b. Commas are sometimes preferable to semicolons, when none of the particulars in a series of clauses, except perhaps the last, are
divisible into simpler portions. This mode of punctuation should be adopted when the particulars begin each with a verb, and have a cominon nominative on which they depend, as in the following passage: “ Poetry | reveals to us the loveliness of nature, brings back the freshmess of early feeling, rerires the relish of simple ple:isures, keeps unquenched the enthusiasm which warmed the spring-time of our being, refines youthful love, strengthens our interest in human nature by vivid delineations of its tenderest and loftiest feelings, spreals our sympathies over all classes of society, knits is by new ties with universal being, and, through the brightness of its prophetic visions, helps faith to lay hold on the future life.” — See page 98.
c. If a series of phrases, of which some at least are compound, though none of them parts of clauses, depends on the commencing or the concluding portion of a sentence, and any of them are capable of being subdivided by means of a comma, all the depending portions should be separated from each other by a semicolon; as, “ By doing, or at least endeavoring to do, our duty to God and man; by acquiring an humble trust in the mercy and favor of God, through Jesus Christ; by cultivating our minds, and properly employing our time and thoughts; by correcting all unreasonable expectations from the world and from men; and, in the midst of worldly business, habituating ourselves to calm retreat and serious recollection, — by such means as these, it may be hoped, that, through the divine blessing, our days shall flow in a stream as unruffled as the hurnan state admits."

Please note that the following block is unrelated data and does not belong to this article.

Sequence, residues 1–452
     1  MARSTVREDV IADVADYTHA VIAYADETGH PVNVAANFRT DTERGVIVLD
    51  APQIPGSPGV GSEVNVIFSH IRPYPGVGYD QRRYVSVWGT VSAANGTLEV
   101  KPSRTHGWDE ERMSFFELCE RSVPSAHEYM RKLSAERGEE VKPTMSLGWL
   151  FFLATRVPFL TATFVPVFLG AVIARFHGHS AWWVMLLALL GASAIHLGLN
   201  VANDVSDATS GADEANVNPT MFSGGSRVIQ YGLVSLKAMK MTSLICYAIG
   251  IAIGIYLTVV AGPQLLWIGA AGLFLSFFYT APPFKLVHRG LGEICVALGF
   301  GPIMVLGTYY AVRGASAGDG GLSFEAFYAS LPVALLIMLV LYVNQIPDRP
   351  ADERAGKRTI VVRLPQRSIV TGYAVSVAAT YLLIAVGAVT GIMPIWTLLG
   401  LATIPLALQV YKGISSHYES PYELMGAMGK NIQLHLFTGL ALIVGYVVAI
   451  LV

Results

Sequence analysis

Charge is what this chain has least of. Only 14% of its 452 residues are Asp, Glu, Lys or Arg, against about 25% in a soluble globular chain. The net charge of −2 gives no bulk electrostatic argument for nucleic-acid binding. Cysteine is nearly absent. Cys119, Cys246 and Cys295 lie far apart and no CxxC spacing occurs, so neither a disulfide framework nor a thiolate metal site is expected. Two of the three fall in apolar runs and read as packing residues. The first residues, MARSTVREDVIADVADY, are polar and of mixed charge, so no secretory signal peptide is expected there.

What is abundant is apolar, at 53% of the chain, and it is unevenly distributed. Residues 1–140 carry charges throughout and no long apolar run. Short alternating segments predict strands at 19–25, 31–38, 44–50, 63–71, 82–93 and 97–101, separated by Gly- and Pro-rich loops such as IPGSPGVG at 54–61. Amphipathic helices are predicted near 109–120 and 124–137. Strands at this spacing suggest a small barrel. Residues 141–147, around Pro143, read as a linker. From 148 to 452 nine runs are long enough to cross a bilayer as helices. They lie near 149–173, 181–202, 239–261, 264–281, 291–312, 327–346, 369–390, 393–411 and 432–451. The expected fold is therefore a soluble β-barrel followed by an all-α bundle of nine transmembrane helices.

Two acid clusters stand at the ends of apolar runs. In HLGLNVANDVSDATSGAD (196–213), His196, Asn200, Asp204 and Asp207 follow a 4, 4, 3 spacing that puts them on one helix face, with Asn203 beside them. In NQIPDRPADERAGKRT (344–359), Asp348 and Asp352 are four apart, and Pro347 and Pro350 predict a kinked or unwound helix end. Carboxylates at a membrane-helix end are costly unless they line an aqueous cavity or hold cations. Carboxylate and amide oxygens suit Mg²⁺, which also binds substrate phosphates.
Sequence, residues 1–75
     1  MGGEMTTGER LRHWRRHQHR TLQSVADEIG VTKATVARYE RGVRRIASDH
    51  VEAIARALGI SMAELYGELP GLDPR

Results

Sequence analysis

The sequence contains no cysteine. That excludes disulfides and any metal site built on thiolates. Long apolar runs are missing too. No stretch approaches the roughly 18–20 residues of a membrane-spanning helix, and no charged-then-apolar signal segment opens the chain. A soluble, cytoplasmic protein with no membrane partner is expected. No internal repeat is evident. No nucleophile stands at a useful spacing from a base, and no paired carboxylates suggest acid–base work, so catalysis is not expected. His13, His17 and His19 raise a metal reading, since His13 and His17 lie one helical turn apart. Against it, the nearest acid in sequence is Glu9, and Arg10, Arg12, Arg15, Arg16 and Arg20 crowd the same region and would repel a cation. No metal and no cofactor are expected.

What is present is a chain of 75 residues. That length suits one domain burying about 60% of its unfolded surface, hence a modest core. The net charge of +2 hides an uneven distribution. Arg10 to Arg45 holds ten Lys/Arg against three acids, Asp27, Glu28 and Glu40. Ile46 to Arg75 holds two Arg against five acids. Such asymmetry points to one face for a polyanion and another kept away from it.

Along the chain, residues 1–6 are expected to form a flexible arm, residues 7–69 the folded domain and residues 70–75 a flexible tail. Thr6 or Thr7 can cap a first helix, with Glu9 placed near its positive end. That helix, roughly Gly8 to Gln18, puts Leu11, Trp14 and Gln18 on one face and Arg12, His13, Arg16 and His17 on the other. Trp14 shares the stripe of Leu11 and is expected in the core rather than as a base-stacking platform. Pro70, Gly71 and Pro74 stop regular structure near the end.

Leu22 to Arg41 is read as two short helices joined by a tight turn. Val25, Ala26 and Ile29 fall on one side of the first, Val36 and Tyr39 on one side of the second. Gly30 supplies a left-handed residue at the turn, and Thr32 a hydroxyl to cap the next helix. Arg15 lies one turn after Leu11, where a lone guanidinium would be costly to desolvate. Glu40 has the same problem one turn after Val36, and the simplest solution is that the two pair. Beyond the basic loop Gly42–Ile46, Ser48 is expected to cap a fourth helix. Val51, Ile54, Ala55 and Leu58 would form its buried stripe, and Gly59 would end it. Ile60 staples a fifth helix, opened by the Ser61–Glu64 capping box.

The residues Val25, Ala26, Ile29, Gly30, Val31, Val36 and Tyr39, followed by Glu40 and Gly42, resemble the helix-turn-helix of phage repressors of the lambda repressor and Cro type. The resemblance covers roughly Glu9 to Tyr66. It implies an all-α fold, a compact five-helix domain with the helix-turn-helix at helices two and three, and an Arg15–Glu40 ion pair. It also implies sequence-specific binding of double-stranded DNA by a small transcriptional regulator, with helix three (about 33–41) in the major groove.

d. Accordingly, such phrases as those which occur in the following sentence, though dependent on another expression, are punctuated better by the comma: “ The world is still renewed with fresh life and beauty, with a constant succession of trees and plants, with a new race of animals, with a new generation of men."
e. Some punctuators insert a dash, instead of a semicolon or a comma, between clauses or phrases dependent on other expressions. But, though it is not denied that in the more rhetorical kind of such sentences, this mark may be adopted, the semicolon or the comma is usually preferable, because the frequent recurrence of dashes, thence ensuing, would be unpleasant to the eye, without affording a proportionate aid to the understanding, and would mar the effect which they have when properly and necessarily used.
f. The dash, however, appended to a comma, as in the second and third examples under the rule, is suitably put after the last particular, that the relation of all the particulars to the portion on which they depend may be more clearly shown. — See Chap. III., Sect. III.